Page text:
If you can improve technique you save a great deal of problems (and energy too!). But, if you can additionally optimise your body weight, then you can benefit more! So, in the recent months I have been concentrating both on technique and body weight management during my training sessions. I chopped around 6 kg of body fat in a time span of 4 months, without any diet (I simply changed my eating timing without sacrificing food quantity - more on this on later article on this blog). This is good news. I feel as if I rejected an unwanted load of 6 kg which was sticking on my body. I can now race the same distance by consuming less energy! And there is still room for more body-fat rejection, but the more body fat you want to eliminate the more it takes to achieve this (the law of diminishing returns!). be continued........

Self-criticism and knowing your limits:

It's vital to properly relate the physical capacity of your body and the current state of training with the individual disciplines of the triathlon. I mean, if you are a lean person, then you might perhaps excel in the run part, or alternatively if you have a strong swimming background then your technique is already in place and you can focus in the other disciplines to increase further your performance. This is something I have been working around for a long time now. As I have a tall and bulky muscular shape, then I understand that a light weight person can beat me in the run section. But, I also know that in the bike part (which requires strong legs) I can have an advantage, giving me the opportunity to gain time against all those who are better runners than me.

You can use your strengths in the way described above to help you set up your race strategy. I haven't raced an adequate number of races to be able to provide an accurate and certain advice on this to the reader, but from the current experiences I can share with you my race plan as a heavy weight novice athlete which, so far, I believe it offers a good approach in a triathlon race.

First of all, you need to practise your transitions. It's unacceptable to waste time during those time slots and try to cover this missing time in the sport section, e.g. try to run fast because your shoe laces made you to waste time! You have been investing effort into training for weeks and months to appear at the start line of a race and wasting race time this way is unfair! Put those T1 and T2 plans into place firstly.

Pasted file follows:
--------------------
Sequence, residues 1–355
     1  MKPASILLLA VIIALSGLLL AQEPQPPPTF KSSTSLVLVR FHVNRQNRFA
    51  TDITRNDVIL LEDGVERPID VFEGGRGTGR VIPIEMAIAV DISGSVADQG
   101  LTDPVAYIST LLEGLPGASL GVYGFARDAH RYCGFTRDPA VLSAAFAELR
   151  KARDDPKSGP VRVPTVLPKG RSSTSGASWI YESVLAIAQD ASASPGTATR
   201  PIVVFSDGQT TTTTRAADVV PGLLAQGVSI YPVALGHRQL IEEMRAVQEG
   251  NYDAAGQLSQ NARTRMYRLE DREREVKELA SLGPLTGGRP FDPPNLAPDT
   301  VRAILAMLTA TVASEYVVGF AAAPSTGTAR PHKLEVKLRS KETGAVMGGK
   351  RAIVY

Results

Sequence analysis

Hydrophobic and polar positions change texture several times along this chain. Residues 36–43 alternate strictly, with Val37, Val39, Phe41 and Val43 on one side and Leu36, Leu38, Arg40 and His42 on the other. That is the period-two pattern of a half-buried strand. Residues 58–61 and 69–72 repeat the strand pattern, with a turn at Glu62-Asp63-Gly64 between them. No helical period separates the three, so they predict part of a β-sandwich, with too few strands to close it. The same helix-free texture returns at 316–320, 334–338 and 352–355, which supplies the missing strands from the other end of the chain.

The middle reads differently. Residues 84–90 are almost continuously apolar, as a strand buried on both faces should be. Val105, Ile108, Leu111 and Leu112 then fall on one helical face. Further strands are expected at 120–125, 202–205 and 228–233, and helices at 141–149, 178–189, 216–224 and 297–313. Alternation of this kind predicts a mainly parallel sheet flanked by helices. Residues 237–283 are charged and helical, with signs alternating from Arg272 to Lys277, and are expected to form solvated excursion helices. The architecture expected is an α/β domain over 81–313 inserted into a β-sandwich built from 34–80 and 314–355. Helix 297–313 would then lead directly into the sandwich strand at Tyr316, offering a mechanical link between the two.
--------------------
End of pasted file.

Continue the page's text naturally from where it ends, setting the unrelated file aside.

The swim part: Aim to stay close at least with the middle of the group, not far behind otherwise you will have to work hard later to catch up. I noticed that in my case, my swimming ranking is quite close with the overall ranking on average. Here's the explanation.

I spent weeks trying to figure out how to balance my effort between the three sports during a race. I know that the run part is my weakness. Regardless of how tired I am, I can't improve my 5 km or 10 km sections. I've done the following experiment: I compared my 5 km running time within a sprint triathlon with the running time of an stand alone 5 km effort. I was surprised with my finding! Those two times were quite close! Around 2 minutes apart. I run the 5 km on a sprint triathlon in around 28 minutes, while this time is around 26 minutes (at best) when I run the 5 km on its own. So, during a triathlon race, if I need to gain some time, I need to drive my main effort into the bike part. This is my only chance to improve my overall time (swim+T1+bike+T2+run) and compensate the weakness in the run part. Indeed, the bike part fits my body shape quite well: It requires strong legs and being tall means that I can push down that pedal with an efficient stride. This explains why I can stay together with the top 25% of the athletes in the bike part.